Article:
Texas once viewed homesteads as property to be protected from creditors; but, with the introduction of home equity lending in Texas in 1997 and with amendments in 1999, 2003, and 2007, those protections have been significantly chipped away.
On November 7th, 2017, Texans once again voted to make drastic changes to home equity laws with the passage of Proposition 2. This was due in large part to the powerful bank lobby efforts (and careful wording of the proposition). Now some of the strongest consumer protections in the country are gone so banks profit.
We outlined the changes to the law and how they impact first-time borrowers who take out a home equity loan after January 1, 2018 in our previous blog “How Home Equity Borrowing in Texas has Forever Changed.” One significant change in the law is the ability to refinance a home equity loan into a non-home equity or conventional loan under Article XVI, subsection 50(a)(4) of the Texas Constitution. The “once a home equity loan, always a home equity loan” mantra is gone, but is that a good thing?
Requirements to Refinance from a home equity loan to a conventional loan:
- Must wait a year from the original loan
- No advance of new money except to pay closing costs
- New principal balance can’t exceed 80% of property’s fair market value
- 12-day refinance disclosure requirement
- Affidavit executed by owner and/or spouse
Why Banks Think you Should Refinance
According to the banking industry, consumers will benefit from the lower interest rates that conventional loans have over home equity loans. Well, how nice of them to offer to give up some of their profit to help consumers. Suspicious of an ulterior motive? You should be!
Truth is that with this option, banks have another excuse to refinance your loan and earn new fees. So first they talk you into using your home like a cash register to borrow money to “consolidate debt” (pay off bills on things you couldn’t afford) and pull out some cash to buy more things you couldn’t otherwise afford. Then, after you pay on your new debt for a year, they call you up with a new option – to refinance that old home equity loan into a new conventional loan at a lower interest rate so you save money. Sounds good, right?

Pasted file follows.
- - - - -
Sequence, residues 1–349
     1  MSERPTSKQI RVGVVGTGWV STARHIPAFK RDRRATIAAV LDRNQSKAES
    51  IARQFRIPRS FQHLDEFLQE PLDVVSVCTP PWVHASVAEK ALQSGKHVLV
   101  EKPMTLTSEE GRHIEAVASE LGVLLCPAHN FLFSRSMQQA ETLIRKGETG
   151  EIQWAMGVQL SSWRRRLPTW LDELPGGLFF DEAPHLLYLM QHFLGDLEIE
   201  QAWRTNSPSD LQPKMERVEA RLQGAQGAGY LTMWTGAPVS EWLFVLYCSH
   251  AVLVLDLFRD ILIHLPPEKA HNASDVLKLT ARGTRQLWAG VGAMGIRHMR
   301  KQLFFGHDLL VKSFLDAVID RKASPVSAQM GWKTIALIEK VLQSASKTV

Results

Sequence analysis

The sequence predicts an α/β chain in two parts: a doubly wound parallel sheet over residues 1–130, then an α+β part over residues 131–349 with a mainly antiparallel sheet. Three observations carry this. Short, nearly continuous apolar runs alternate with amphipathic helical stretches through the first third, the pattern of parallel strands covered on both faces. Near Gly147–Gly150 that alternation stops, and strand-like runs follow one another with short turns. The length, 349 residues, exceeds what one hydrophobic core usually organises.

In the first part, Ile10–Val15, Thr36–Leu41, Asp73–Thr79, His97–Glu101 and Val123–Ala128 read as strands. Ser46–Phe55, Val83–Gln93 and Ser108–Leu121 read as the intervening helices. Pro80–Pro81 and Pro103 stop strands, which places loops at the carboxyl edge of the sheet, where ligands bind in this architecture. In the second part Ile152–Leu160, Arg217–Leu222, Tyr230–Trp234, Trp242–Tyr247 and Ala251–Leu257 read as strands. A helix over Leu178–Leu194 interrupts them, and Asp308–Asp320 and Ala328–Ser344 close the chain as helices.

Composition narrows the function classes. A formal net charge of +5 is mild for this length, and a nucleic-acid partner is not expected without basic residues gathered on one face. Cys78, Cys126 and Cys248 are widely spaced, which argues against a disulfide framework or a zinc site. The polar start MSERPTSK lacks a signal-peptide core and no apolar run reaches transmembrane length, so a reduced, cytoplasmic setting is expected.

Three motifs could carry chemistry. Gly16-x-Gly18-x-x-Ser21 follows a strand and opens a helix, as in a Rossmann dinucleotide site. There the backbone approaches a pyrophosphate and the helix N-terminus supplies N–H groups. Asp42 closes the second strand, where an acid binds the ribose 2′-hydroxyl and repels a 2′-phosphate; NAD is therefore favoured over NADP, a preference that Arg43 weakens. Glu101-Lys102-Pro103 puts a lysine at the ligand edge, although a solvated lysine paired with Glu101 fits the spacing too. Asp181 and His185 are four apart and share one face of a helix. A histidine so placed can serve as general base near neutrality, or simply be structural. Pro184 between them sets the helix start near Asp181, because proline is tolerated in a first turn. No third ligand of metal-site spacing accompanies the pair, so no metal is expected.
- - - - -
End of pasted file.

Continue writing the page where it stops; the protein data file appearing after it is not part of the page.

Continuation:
Why you Should use Caution
Yes, you can likely obtain a lower interest rate on a conventional refinance over a home equity loan. But a lower interest rate doesn’t guarantee you’ll pay less in the long run. You must factor in the cost of the refinance and determine what your breakeven is. For example, if you can save $50 a month in interest and it costs you $3,500 in fees to close the loan, it will take you 70 months just to breakeven. Will you still be there in 70 months?
But there’s a bigger concern than fees. Think about why banks offer lower interest rates when you refinance out of a home equity loan. It’s because you are giving up something that the bank wants – the ability to easily foreclose and sue you for any deficiency should you go into default. Few people take out a loan planning to go into default, but if there’s sickness, death, divorce, job loss, etc., there will be mortgage defaults.
One of the safety measures put into place with the advent of home equity loans in 1997 was the requirement that the loans be non-recourse; which means that the banks only remedy to collect on a loan in default is to foreclose on its collateral – your home. Sure, losing your home is bad enough, but with a conventional recourse loan, the bank can foreclose and sue you for the deficiency, should there be any.
Another safety measure that’s gone if you refinance out of a home equity loan is the requirement for banks to obtain a judge’s permission before they can post your property for foreclosure. This provision requires the lender file an Expedited Foreclosure Application against the borrower. The borrower is given the opportunity to file a response with the court and argue their side to a judge before the foreclosure order is given. This process is not required with a non-home equity loan, and without it, a foreclosure can happen really quickly! Read more about the foreclosure process in Texas.
So, before you rush out to refinance, consider if it is worth it. Will you really save any money, and will what you save be worth the protections you’ll be giving up?